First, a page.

Real Property Documents: Declarations must again be recorded in the County where the decedent owned property. The Los Angeles County Assessor again requires the Change of Ownership Statement-Death of Real Property Owner to be attached to the Declaration at the time of recording. The Orange County Assessor requires the Preliminary Change of Ownership Report to be attached to the Declaration at the time of recording.
Claim for Reassessment Exclusions for Transfers Between Parents and Children must be submitted separately to each County where the Decedent owned property passing to children as beneficiaries. These forms should be sent via certified mail and request that the assessor conform and return a copy of the same as proof of their receipt. Failure to timely submit these forms can result in reassessment of real property and a substantial increase in annual property taxes. California Proposition 58 permits exclusion from reassessment of real property passing to children limited to the principal residence of the parent and/or the first $1,000,000 of other real property. A similar exemption is available for transfers between grandparents and grandchildren only when the parent of the grandchild has predeceased the grandparent and the deceased parent was not married at the date of death.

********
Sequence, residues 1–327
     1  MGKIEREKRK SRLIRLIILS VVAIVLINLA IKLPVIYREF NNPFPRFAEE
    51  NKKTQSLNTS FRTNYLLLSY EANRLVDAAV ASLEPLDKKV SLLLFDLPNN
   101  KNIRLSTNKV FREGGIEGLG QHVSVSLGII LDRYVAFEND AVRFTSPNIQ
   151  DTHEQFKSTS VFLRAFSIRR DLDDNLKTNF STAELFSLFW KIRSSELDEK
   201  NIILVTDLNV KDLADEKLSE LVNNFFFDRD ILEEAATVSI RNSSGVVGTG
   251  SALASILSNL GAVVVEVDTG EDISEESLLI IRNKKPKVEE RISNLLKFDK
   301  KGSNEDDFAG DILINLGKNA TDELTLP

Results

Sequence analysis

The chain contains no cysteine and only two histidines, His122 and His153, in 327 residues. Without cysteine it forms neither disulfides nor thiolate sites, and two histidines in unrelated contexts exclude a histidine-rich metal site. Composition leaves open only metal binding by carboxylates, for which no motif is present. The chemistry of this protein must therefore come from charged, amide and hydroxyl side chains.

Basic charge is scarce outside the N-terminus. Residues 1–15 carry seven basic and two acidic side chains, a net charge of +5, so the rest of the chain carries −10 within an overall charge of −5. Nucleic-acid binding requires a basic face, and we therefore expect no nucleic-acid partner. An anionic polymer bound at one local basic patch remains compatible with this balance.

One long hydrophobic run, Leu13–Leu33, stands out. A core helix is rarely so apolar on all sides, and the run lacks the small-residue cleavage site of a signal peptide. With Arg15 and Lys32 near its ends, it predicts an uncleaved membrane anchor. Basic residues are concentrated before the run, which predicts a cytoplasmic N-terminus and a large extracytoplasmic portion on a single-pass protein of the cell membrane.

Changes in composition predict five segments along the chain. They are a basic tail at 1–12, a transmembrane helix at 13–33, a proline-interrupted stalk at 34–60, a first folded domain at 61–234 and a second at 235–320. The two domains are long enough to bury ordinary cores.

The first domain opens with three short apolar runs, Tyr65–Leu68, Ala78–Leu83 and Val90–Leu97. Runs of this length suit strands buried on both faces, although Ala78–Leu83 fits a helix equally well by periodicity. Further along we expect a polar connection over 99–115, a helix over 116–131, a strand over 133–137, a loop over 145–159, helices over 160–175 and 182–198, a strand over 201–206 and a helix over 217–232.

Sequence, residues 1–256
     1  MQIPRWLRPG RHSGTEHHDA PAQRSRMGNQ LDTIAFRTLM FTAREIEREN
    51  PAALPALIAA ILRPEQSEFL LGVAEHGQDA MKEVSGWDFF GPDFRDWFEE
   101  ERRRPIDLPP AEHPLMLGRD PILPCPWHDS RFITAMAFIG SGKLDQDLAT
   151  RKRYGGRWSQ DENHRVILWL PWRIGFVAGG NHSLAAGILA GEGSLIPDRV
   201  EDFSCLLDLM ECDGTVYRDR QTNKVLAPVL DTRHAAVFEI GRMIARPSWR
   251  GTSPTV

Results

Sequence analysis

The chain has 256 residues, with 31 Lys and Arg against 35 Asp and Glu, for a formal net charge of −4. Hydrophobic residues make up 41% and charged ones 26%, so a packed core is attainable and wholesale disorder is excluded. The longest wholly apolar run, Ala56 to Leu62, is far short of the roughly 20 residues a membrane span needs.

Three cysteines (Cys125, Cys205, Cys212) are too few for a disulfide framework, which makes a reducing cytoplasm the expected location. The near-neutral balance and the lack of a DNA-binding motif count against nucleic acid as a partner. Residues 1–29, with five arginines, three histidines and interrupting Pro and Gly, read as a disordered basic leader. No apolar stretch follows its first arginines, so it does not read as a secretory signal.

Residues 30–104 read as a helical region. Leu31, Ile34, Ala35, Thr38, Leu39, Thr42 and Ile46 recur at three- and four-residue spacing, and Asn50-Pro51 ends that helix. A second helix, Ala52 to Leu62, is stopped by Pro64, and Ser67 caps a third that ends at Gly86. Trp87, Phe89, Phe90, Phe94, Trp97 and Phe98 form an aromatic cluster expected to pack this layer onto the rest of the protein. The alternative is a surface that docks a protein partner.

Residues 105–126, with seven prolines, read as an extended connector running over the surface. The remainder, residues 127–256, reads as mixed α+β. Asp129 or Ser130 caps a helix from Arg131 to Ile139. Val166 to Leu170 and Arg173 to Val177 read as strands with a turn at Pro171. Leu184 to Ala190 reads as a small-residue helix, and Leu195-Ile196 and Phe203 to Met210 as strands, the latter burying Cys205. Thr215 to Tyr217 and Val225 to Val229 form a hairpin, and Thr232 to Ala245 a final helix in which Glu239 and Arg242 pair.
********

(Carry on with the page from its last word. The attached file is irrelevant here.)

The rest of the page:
Trust Certifications: Trust Certifications and instructions need to be provided to again be provided to any financial institutions managing accounts in the name of the Trust. Estate Tax Return: An estate tax return is required to be filed and taxes paid within 9 months of the date of death when the gross amount of decedent’s estate exceeds the federal exemption amount. The tax must be paid within nine months of death in order to avoid any interest accruing on the unpaid balance. An extension of time can be obtained to pay and file, but this does not eliminate the tax being due on or before the nine month deadline.
Distribution: Memorialize the distribution in a formal written distribution agreement signed by the Successor Trustees and all beneficiaries. This serves as written confirmation on what each beneficiary is receiving and contains a mutual release of liability for the Trustee and his/her agents. This can also contain a formal waiver of accounting which relieves the Trustee of this burden if all beneficiaries are amenable.